Should scientists be allowed to genetically alter human embryos?
Scientists have at their disposal a way to explore the possible prevention of genetic diseases before birth.

'Map of life' predicts ET. (So where is he?)
The author of a new study of evolutionary convergence argues that the development of life on Earth is predictable, meaning that similar organisms should therefore have appeared on other, Earth-like planets.

Many patients with advanced form of larynx cancer not receiving recommended treatment
Despite findings of previous studies and published guidelines, nearly two-thirds of patients with T4a larynx ('voice box') cancer are not receiving a total laryngectomy (surgical removal of the larynx), the recommended form of treatment, and as a result, have significantly worse survival rates versus those treated with a total laryngectomy, a new study published in the International Journal of Radiation Oncology, Biology and Physics by experts at Penn Medicine found.

Brain activity predicts promiscuity and problem drinking
A new pair of brain-imaging studies suggest that researchers may be able to predict how likely young adults are to develop problem drinking or risky sexual behavior in response to stress.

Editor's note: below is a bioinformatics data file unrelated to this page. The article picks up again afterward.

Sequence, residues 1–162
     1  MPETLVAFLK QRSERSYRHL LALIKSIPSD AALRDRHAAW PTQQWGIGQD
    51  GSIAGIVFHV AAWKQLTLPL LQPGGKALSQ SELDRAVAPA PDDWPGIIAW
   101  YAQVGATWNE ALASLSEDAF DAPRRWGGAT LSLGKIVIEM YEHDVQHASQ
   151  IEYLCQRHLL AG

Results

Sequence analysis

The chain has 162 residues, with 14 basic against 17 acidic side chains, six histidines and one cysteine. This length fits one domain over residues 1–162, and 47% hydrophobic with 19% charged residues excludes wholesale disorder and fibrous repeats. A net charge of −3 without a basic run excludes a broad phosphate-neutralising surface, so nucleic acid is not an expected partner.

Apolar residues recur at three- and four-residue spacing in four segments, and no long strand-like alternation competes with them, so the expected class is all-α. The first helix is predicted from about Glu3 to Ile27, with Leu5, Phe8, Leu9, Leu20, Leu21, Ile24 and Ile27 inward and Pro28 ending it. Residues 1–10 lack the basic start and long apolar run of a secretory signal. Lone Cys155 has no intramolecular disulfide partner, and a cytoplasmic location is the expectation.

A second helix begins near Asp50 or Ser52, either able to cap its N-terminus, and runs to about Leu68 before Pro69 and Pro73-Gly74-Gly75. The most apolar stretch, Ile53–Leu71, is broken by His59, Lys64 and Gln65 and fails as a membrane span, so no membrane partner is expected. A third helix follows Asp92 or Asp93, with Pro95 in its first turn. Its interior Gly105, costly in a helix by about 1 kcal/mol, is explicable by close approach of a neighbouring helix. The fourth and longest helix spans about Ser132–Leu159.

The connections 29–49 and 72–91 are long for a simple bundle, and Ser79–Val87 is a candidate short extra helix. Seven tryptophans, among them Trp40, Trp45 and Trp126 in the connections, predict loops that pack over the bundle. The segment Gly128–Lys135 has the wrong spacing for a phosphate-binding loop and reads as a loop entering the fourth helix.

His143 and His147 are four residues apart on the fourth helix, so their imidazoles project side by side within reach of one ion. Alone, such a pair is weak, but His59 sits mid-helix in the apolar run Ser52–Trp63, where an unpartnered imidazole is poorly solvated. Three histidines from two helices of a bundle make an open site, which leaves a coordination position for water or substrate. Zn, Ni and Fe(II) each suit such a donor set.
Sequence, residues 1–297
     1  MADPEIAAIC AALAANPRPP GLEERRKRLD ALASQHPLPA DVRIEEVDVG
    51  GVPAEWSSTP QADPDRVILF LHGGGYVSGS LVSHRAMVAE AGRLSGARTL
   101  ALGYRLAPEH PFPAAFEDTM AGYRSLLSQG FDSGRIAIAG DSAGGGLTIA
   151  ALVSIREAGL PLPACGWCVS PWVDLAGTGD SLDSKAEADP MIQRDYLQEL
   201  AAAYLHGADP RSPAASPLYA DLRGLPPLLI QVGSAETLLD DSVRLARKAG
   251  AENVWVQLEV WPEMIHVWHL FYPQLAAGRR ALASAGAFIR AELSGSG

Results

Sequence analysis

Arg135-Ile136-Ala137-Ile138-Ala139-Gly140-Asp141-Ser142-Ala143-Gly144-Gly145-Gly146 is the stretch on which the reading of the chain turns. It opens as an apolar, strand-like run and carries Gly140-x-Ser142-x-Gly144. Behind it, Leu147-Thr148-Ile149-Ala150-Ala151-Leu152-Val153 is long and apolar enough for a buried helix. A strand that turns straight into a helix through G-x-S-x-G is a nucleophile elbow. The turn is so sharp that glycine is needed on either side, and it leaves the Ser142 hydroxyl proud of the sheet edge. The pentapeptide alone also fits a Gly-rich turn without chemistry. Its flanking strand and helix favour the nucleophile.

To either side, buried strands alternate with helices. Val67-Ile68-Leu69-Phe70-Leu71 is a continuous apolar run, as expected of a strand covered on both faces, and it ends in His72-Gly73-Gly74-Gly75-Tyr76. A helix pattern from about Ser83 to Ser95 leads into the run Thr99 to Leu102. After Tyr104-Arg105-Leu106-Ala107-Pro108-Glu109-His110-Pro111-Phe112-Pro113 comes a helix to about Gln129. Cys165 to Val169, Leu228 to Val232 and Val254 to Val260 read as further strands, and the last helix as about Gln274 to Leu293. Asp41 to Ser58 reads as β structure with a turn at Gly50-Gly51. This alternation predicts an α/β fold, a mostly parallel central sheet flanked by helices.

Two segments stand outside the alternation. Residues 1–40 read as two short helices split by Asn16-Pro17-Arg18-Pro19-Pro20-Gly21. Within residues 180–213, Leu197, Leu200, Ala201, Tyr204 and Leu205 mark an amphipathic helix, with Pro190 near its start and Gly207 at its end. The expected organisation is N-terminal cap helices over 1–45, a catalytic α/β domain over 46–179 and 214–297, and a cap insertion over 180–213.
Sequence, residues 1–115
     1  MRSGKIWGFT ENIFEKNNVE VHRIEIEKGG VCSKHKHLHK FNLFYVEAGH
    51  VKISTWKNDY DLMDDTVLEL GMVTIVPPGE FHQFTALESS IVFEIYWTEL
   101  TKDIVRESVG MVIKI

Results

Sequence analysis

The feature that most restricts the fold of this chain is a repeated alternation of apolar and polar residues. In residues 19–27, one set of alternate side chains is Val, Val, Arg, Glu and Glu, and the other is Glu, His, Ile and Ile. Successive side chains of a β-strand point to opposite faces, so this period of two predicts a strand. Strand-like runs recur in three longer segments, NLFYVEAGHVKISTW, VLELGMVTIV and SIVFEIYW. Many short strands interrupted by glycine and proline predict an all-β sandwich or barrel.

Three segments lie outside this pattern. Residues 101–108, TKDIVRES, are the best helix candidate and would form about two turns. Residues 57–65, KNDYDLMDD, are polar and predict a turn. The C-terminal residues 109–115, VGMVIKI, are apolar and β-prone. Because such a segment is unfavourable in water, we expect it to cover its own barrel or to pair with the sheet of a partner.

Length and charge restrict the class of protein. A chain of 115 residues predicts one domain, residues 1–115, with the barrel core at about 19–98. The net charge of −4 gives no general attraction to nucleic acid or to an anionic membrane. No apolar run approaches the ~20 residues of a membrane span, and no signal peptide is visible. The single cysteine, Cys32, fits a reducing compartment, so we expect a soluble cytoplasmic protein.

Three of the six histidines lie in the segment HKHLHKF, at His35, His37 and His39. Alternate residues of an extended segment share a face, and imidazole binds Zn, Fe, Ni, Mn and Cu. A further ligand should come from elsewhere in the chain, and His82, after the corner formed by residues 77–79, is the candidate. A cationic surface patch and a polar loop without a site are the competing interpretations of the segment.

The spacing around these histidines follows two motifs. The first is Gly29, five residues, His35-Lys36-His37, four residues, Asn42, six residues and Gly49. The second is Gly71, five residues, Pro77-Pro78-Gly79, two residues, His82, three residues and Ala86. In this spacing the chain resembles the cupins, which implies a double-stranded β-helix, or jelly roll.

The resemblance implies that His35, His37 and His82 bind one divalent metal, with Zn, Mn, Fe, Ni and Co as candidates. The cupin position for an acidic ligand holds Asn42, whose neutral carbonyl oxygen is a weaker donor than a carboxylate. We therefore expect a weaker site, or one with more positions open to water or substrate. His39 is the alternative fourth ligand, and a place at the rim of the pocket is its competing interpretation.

Me and my world: The human factor in space -- NASA 1-year mission video miniseries
Learn about the human factors in NASA's One-Year Mission.

New drug for neuroblastoma shows promise in phase I study
Researchers at Spectrum Health Helen DeVos Children's Hospital have completed the first clinical trial of a new treatment for children suffering from neuroblastoma.

Clues to inner atomic life from subtle light-emission shifts
Atoms absorb and emit light of various wavelengths. Physicists have long known that there are some tiny changes, or shifts, in the light that gets absorbed or emitted, due to the properties of the atomic nucleus.

One in 4 people prescribed opioids progressed to longer-term prescriptions